Vertical Video – A New Perspective
Vertical video has invaded our screens. We can thank the rise of Snapchat and Instagram stories for this; but really, it’s that reflective screen attached to your hand that started this vertical tidal wave.
Our preference for mobile has led us to consume media vertically. Vertical video stretches out and takes up every inch of the screen. The format, once considered amateurish by creatives, is now the preferred perspective of top brands, publishers and influencers alike.
A personal viewpoint, a new opportunity
Previously, we have seen the traditional widescreen (16:9) format or even the square (1:1) pervade our social feeds; vertical video is built with only mobile in mind. Our eye needs to adapt just as much as the camera lens. Traditional widescreen TV commercials no longer translate into social; audiences want that narrow, tall view point. This is an opportunity to build the format into the filming process. How can this space best be used? What new perspective can we extract from this format? Rather than seeing it as a hurdle to overcome, it is a new way to shape a message. Brands must begin to look at this as a new way to tell stories. The change in shape offers new challenges and perspectives to tell to the brand’s story. Vertical means a narrower field of vision, it lends itself to a personal view point and an almost restricted perspective. Knowing this, allows brands to play with the space in a clever and insightful way.
No more spinning around
Social is forcing the hand with vertical video. The prevalence of Snapchat has caused Facebook and Instagram to adapt. All major social platforms now favour vertical video, but why is it so popular? The ease of the user experience: vertical video means users do not need to rotate their phone. Those jumpy few seconds caused by turning your phone sideways are no longer necessary. It seems so basic, but those few seconds might mean your audience sticks around and watches the video.
Make it easy for your audience: by reducing the actions needed to consume the content, it will increase the likelihood of people watching the video. Vertical video is more intuitive and encompassing of the mobile experience. But given its home is on social, it should also be short and offer consumers a reason to watch.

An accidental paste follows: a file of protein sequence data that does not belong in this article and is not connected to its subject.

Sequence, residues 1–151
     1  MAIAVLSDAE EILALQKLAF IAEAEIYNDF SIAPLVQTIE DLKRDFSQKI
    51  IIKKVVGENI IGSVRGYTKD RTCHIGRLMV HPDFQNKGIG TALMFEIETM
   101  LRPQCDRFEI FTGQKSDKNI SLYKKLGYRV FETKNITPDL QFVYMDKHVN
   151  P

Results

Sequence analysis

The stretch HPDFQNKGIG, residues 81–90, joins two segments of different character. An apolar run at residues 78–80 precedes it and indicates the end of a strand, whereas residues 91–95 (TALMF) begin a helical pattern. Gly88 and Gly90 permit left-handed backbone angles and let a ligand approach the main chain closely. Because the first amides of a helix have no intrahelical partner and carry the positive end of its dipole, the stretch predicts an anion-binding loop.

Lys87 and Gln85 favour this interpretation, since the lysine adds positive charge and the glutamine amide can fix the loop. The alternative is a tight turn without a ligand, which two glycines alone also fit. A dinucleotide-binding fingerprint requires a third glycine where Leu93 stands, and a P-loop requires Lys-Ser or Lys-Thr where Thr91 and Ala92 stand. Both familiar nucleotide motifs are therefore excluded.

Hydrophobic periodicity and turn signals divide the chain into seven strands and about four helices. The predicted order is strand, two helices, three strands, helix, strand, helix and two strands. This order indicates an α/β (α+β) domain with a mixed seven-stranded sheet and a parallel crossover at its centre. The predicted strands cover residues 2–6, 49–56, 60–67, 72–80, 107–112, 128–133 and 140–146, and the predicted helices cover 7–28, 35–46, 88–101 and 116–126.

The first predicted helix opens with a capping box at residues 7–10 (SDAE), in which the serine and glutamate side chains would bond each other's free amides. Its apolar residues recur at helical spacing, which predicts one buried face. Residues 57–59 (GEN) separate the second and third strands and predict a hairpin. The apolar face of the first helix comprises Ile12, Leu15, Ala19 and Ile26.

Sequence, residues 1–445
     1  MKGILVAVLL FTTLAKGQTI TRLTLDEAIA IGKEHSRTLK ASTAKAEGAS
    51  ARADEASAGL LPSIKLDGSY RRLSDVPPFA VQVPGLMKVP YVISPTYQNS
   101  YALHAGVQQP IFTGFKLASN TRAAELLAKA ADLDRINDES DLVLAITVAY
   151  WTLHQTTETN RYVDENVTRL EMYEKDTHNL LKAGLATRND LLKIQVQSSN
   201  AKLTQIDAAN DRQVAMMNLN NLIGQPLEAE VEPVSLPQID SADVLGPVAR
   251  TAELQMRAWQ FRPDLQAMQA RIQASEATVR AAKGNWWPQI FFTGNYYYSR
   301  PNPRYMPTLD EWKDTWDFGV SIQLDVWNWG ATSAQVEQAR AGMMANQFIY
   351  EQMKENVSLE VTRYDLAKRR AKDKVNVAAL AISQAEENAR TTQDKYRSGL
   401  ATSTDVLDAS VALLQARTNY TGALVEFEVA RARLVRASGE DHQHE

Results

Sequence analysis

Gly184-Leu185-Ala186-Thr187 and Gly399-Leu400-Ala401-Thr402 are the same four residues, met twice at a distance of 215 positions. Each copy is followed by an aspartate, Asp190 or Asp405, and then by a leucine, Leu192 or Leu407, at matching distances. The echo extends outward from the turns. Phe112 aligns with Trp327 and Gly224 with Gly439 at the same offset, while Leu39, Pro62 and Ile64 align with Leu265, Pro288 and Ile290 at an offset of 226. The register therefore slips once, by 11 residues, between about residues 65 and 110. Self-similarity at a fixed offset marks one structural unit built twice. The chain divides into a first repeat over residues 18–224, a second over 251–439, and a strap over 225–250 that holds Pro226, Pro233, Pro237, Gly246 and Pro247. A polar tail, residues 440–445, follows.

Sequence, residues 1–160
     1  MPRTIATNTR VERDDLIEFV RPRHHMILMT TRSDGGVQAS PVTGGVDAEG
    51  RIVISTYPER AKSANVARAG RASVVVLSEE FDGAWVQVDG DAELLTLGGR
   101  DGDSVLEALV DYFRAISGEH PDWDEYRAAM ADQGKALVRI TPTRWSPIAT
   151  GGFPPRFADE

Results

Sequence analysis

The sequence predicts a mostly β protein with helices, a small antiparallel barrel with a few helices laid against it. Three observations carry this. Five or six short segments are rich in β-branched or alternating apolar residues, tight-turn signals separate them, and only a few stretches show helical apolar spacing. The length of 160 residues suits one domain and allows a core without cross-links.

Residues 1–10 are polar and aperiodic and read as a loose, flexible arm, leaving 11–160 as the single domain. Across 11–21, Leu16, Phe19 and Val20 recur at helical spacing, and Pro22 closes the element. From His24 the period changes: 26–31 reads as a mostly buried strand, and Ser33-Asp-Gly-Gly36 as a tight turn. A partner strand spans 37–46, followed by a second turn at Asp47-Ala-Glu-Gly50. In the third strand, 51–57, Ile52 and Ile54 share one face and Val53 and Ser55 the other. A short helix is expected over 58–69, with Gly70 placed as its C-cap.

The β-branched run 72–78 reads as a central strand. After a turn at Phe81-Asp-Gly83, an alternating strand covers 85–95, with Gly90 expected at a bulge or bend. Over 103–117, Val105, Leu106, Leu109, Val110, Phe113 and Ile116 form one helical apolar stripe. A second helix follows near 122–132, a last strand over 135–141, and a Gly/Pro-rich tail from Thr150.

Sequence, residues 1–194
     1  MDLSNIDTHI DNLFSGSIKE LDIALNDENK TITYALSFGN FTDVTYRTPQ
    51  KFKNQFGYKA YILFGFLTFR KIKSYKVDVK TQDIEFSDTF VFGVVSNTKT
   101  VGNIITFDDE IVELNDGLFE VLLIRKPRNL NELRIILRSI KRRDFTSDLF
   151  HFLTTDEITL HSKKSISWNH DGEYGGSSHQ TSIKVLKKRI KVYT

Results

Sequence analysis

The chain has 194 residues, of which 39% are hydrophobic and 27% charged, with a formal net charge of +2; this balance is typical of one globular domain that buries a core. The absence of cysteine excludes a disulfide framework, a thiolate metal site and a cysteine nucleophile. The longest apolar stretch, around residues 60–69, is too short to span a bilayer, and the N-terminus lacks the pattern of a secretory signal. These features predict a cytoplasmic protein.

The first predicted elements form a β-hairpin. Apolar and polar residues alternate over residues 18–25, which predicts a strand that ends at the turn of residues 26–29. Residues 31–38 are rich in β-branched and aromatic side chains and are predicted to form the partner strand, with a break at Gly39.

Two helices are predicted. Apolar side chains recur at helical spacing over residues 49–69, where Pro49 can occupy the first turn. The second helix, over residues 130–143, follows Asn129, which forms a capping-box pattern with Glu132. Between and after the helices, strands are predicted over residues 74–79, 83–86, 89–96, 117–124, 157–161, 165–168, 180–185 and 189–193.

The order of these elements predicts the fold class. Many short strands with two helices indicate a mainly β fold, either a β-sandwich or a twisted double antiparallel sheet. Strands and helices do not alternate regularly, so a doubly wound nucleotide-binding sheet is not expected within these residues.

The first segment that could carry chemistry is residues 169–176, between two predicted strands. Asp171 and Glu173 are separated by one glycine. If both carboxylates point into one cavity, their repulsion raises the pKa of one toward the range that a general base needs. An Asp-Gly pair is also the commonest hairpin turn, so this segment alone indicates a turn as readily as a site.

The sphere of social’s influence has extended to publishers. Early adopters such as Conde Nast, Mashable and now News UK have embraced this format. They are sharing not just video in vertical formats, but also using a mix of audio, text and graphics to create a format that tells stories. They are short in form, yet are a rich sensory experience. These are examples of what brands should be aiming to create for their social content.
News UK has launched a vertical video studio, which will help advertisers improve their mobile experience across the board. It will allow brands to repurpose existing assets into interactive vertical format including 360 experiences.
Similarly, Buzzfeed’s Tasty series will be making its way to vertical formats. The highly accessible tasty video series of recipes has inspired many imitations, now they take the bold step of moving this highly identifiable brand into a new space.
A mobile must for brands
For brands, it is worthwhile considering this shift to vertical. While it is aimed not to replace widescreen or the square formats – it should be considered for mobile-only targeting. It is a perspective underutilised and should be built into the creative process.
Quite literally watch this vertical space!